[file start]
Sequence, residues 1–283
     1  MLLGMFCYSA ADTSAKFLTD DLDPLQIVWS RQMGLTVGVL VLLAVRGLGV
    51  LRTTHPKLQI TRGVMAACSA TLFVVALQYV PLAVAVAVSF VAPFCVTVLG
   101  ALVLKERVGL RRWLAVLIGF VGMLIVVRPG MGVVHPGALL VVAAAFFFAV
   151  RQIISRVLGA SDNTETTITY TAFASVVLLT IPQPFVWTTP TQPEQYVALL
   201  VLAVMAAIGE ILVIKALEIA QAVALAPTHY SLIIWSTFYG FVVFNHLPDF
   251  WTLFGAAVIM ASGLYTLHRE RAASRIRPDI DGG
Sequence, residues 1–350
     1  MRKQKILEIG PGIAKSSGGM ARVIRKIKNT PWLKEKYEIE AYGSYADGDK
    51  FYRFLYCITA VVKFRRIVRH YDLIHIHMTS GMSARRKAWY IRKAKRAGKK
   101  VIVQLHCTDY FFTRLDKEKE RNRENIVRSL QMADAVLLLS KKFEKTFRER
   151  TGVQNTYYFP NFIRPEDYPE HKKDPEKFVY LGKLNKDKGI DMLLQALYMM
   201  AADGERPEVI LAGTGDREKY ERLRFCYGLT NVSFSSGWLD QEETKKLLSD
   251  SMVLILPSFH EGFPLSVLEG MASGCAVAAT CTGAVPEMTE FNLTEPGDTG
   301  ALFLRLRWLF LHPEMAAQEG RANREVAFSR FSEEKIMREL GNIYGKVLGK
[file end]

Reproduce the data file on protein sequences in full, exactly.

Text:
Sequence, residues 1–283
     1  MLLGMFCYSA ADTSAKFLTD DLDPLQIVWS RQMGLTVGVL VLLAVRGLGV
    51  LRTTHPKLQI TRGVMAACSA TLFVVALQYV PLAVAVAVSF VAPFCVTVLG
   101  ALVLKERVGL RRWLAVLIGF VGMLIVVRPG MGVVHPGALL VVAAAFFFAV
   151  RQIISRVLGA SDNTETTITY TAFASVVLLT IPQPFVWTTP TQPEQYVALL
   201  VLAVMAAIGE ILVIKALEIA QAVALAPTHY SLIIWSTFYG FVVFNHLPDF
   251  WTLFGAAVIM ASGLYTLHRE RAASRIRPDI DGG
Sequence, residues 1–350
     1  MRKQKILEIG PGIAKSSGGM ARVIRKIKNT PWLKEKYEIE AYGSYADGDK
    51  FYRFLYCITA VVKFRRIVRH YDLIHIHMTS GMSARRKAWY IRKAKRAGKK
   101  VIVQLHCTDY FFTRLDKEKE RNRENIVRSL QMADAVLLLS KKFEKTFRER
   151  TGVQNTYYFP NFIRPEDYPE HKKDPEKFVY LGKLNKDKGI DMLLQALYMM
   201  AADGERPEVI LAGTGDREKY ERLRFCYGLT NVSFSSGWLD QEETKKLLSD
   251  SMVLILPSFH EGFPLSVLEG MASGCAVAAT CTGAVPEMTE FNLTEPGDTG
   301  ALFLRLRWLF LHPEMAAQEG RANREVAFSR FSEEKIMREL GNIYGKVLGK